Pentax ZX-5, which is an AF version, whereas the ZX-M is totally manual focus, but does have Program, Shutter Priority, Aperture-Priority and Manual modes. It must be the lightest SLR I have picked up thus far. Unlike the comparable Nikon N65, the ZX-M meters with non-AF lenses, and should be thought of as a replacement for the venerable Pentax K1000. It has exposure compensation settings of +/- 3 in half -stop increments, and an ISO range of 6 to 6400 if you set it manually. There is an exposure lock button that lasts for 10 seconds after you push it. Shutter speeds of B, and 2 sec to 1/2000 sec, and in aperture-priority mode you can get times exposures as long as 30 seconds. The electronic shutter is stepless in A mode, so, shoot away! The camera has single shot mode, continuous (2 fps) and self-timer. There is also a depth of field preview button... something that is often missing on inexpensive cameras.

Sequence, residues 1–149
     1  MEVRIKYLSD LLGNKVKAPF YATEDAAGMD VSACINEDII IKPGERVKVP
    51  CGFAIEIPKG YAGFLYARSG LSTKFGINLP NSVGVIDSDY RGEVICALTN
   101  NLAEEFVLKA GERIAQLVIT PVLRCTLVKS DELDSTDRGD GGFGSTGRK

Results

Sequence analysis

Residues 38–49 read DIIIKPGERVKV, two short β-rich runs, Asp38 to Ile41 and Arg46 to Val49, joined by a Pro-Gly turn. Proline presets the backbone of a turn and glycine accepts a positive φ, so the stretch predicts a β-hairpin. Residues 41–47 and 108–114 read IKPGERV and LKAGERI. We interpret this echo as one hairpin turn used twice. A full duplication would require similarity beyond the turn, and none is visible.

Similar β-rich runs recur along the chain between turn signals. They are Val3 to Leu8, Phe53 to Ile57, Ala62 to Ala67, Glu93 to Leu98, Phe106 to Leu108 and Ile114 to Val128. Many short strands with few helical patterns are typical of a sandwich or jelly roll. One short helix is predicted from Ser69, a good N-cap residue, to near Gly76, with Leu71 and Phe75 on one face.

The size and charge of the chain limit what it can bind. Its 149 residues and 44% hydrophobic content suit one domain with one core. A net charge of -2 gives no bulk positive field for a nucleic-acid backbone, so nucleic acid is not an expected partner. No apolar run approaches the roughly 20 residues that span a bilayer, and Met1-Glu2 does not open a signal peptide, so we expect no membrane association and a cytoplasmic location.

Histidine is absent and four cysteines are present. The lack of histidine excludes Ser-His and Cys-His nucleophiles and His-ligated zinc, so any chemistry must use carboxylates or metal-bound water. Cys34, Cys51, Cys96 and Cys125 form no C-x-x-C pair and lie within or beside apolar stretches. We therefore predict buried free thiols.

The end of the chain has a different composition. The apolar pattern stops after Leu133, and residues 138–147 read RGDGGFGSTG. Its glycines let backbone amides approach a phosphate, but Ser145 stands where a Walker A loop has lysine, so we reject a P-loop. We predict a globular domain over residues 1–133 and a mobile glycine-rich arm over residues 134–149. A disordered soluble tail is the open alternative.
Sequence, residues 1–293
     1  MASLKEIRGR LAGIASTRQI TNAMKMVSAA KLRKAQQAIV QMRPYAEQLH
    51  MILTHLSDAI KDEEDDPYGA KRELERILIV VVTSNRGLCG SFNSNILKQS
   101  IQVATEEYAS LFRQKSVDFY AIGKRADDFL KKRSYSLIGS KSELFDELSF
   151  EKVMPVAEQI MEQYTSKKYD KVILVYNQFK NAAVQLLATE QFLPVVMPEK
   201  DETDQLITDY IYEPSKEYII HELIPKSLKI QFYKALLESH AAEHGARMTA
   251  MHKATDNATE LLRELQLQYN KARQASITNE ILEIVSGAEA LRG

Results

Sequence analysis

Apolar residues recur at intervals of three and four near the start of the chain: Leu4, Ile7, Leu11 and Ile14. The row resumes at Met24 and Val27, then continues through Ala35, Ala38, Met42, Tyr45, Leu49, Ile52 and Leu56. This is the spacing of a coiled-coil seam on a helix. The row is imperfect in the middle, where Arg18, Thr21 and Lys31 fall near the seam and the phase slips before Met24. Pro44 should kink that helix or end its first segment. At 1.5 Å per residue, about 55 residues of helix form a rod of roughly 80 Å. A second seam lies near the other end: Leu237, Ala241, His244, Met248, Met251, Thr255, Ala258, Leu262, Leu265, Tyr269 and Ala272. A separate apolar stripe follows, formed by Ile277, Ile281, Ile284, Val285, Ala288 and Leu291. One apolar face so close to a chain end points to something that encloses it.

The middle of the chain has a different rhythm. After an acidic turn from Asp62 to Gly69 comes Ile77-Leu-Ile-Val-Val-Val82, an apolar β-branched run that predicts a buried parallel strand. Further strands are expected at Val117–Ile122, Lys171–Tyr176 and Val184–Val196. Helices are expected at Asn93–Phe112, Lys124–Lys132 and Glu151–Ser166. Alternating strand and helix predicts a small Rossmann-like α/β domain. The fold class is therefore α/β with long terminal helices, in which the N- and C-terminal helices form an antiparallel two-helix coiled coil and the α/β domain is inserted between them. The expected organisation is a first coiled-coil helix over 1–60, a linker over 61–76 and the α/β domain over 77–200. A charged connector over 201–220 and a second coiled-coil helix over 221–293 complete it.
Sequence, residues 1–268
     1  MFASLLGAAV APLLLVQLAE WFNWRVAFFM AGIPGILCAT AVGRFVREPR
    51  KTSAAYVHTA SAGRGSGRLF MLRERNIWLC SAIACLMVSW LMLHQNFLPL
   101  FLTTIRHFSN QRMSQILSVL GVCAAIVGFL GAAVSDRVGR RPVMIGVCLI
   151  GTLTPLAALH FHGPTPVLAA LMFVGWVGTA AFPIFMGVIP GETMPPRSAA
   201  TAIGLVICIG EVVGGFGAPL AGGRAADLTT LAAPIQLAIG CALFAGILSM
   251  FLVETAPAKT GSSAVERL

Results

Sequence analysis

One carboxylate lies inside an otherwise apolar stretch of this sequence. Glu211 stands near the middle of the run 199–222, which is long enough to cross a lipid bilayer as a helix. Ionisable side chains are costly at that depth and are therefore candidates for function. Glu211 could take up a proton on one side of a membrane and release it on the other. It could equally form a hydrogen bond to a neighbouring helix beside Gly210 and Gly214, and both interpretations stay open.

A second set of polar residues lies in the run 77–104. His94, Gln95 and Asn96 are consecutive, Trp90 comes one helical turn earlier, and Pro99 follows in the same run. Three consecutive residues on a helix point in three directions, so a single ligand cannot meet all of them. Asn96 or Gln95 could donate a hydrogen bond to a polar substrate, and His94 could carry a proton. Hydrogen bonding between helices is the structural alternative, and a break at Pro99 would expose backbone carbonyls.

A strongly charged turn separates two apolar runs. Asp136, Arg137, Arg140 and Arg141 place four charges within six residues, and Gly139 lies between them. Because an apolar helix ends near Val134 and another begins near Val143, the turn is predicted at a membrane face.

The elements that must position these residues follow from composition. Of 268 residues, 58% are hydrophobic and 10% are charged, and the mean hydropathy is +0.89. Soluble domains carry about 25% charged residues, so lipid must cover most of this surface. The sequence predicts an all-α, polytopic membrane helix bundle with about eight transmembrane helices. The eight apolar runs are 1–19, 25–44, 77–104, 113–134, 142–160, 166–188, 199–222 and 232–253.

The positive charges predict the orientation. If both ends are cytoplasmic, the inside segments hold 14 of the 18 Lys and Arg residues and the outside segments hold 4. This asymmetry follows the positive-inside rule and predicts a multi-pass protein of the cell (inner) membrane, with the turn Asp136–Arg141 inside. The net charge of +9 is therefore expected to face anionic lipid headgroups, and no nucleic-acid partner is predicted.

The camera is incredibly light, and with the 50mm lens, batteries (2 CR-2) and a roll of film, weighs just a bit over a pound. The penta-mirror keeps the weight down, and the relatively low-profile of the camera makes it easy to tuck into a bag. I have a roll of the FPP 200 b&w film in it now, and will post my results later.
While many people give the advice to start with a 35mm SLR camera like the Pentax K1000, Canon AE-1, or Nikon FM, there is no reason not to use a camera like the ZX-M. The features are more advanced than the K1000, which is now getting on in years, and it's also a fraction of the price. It's certainly cheaper than a 4-pack of Fuji Superia film at Walgreens. It uses every K-mount lens, and can certainly be used to take wonderful photographs.